told Baruch/Jeremiah to hide (19) called for Baruch/Jeremiah’s arrest (26)
urged king not to burn scroll (25) burned the scroll (23)
listened to the Lord’s word (15) did not listen (31)
The king’s callous disregard for God’s Word is highlighted in the way he burns the “entire scroll” piece by piece (“three for four columns” at a time—23). In other words, he makes multiple decisions to reject and destroy the message God sent through Jeremiah. Rejecting the message, he calls for the arrest (and likely the death) of the messengers (26). He hears the message, but “did not “listen” to it (31).
God’s Word is received or rejected based on the condition of the hearer’s heart. When the heart is like hard soil, the seed of Scripture does not penetrate; Satan quickly takes it away (Matthew 13:19). When the heart is receptive, the seed begins to grow. Time will tell whether it will germinate and bear fruit (good soil versus rocky or weed-infested soil—Matthew 13:20-23). Clearly, Jehoiakim was hard soil. The first group of court officials was more responsive. Whether they truly “listened” (i.e. obeyed) would be revealed by their ongoing responses to the message they heard. The same is true for us.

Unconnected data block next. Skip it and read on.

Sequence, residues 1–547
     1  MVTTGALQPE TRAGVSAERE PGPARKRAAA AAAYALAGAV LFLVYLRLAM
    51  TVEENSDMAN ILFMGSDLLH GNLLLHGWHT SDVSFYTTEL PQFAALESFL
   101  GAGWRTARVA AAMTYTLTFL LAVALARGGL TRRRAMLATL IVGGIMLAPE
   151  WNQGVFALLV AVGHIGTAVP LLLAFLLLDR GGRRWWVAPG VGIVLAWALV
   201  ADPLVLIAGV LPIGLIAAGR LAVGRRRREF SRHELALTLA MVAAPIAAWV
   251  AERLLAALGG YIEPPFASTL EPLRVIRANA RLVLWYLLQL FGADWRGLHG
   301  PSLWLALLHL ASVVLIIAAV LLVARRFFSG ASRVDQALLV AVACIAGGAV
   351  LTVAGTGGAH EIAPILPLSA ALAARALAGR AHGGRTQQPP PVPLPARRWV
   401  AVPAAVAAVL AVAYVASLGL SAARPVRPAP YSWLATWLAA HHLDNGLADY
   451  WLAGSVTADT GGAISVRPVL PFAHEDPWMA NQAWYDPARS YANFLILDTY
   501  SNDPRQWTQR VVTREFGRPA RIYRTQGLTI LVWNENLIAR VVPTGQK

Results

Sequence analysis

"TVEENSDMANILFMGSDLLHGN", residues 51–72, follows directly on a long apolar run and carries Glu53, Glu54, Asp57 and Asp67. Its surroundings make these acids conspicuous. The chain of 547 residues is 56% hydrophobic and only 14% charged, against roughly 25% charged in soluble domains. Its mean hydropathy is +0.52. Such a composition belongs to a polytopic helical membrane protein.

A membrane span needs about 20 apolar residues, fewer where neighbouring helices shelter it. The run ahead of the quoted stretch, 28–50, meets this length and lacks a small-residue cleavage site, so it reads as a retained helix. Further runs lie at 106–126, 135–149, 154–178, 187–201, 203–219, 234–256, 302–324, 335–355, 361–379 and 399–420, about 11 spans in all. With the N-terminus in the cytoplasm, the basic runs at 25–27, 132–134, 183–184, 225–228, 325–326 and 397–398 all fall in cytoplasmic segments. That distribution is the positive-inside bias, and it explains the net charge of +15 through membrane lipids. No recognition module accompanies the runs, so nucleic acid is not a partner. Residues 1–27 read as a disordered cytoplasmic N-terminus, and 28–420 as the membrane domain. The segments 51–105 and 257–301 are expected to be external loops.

For his brazen attitude and actions, God would judge Jehoiakim and his family line. He would “have no one to sit on the throne of David” (30); his dead body would be mistreated (“thrown out and exposed”—30); his children would experience “every disaster” predicted in Jeremiah’s message. These prophecies were fulfilled, albeit in unexpected ways: his son, Jehoiachin, reigns for three months before being deported; after his death, his bones exhumed and exposed (8:1-2; 22:18-19); his children experience the horrific fall of Jerusalem.